And while Embiid and Maxey will be back for another run, Philadelphia once again will be changing out many of the players around them.


IN DECEMBER, EMBIID lamented the fact that, unlike previous championship teams such as the Nuggets and Warriors, his supporting cast in Philadelphia has been constantly changing.

“There’s never been any continuity,” Embiid said then. “You look at Denver last year. They’ve been together for, what, five, six, seven years? Golden State, they’ve been together for a long time. So, at some point, if you really want to win, you gotta have some key guys. And then, here and there, you can add a bunch of guys and just learn how to play with each other and grow together.

“At some point, it’s going to happen.”

That point won’t be this summer. Philadelphia enters this offseason with 12 open roster spots and just three players under contract: Embiid, backup center Paul Reed and rookie Ricky Council IV on a non-guaranteed deal.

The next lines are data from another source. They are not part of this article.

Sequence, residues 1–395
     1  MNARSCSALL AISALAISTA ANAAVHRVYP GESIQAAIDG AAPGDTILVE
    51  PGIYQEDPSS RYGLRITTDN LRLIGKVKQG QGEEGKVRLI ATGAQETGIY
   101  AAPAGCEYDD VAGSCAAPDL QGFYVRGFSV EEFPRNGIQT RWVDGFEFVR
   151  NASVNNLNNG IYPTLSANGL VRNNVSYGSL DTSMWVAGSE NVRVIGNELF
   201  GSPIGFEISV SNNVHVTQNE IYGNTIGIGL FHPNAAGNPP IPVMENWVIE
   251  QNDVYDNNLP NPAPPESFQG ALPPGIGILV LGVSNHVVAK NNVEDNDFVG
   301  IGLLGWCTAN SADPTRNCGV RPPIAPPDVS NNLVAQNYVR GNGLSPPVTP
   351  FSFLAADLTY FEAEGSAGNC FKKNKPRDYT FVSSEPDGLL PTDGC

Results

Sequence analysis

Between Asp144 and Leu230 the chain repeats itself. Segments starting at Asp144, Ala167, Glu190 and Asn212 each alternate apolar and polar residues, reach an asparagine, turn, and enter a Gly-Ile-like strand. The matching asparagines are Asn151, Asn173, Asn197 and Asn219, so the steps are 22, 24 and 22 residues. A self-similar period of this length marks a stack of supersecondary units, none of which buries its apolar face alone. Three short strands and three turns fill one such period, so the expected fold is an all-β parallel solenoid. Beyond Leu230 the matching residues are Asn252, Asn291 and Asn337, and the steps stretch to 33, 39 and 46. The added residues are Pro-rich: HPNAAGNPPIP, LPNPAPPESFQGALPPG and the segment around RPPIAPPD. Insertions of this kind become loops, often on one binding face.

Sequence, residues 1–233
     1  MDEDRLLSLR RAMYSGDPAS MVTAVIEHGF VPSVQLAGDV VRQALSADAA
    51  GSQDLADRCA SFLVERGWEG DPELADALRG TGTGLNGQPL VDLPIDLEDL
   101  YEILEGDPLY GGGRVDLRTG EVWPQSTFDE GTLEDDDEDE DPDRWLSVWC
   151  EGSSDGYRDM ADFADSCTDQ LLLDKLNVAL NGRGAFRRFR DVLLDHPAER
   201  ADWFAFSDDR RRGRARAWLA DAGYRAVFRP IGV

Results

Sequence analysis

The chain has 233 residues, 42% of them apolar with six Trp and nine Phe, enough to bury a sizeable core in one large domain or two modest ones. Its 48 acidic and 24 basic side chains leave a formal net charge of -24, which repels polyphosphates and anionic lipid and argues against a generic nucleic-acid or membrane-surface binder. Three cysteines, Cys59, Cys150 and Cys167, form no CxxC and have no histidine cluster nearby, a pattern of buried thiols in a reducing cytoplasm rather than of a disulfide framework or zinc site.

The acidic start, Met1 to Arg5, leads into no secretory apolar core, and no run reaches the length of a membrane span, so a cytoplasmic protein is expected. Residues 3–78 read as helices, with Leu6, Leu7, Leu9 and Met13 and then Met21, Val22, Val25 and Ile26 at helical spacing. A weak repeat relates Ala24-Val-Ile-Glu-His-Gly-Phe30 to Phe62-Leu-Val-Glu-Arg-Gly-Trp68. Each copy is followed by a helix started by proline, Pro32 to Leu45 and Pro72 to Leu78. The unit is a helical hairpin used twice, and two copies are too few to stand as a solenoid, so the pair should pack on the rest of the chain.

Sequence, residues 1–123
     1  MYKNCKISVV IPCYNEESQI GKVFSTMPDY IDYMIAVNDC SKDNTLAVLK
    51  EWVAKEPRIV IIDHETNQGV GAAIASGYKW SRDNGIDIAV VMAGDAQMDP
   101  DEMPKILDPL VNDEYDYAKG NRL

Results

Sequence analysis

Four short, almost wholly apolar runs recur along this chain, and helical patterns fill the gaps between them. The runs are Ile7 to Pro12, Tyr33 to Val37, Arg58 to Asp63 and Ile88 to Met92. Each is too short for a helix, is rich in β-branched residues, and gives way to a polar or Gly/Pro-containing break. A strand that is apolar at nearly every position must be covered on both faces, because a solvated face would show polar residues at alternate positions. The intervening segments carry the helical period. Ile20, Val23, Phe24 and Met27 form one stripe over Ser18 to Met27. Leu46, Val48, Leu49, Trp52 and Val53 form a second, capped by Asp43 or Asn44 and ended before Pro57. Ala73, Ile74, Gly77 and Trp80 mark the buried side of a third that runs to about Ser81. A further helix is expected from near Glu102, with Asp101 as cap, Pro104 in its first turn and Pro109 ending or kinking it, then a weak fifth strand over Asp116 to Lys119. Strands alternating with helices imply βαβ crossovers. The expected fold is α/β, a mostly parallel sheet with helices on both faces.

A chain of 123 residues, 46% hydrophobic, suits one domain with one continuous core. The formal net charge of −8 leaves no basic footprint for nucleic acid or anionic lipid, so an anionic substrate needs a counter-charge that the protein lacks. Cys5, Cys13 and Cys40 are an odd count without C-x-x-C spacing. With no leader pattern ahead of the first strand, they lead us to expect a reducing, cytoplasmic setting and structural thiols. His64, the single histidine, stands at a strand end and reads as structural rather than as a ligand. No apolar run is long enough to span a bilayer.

Even Maxey will become a restricted free agent this summer, though that will all but certainly be rectified with a max contract offer as soon as free agency begins on June 30.

“Tyrese is great. He’s just at the beginning of who he is, and Joel is at the top. Even when he’s coming back from injury, he’s still a great player,” 76ers forward Nicolas Batum told ESPN.

“That’s a great recipe when you have those two guys, especially a guard and a big man who love playing together. … They fit well together.”

The franchise will spend the offseason determining who fits best around them.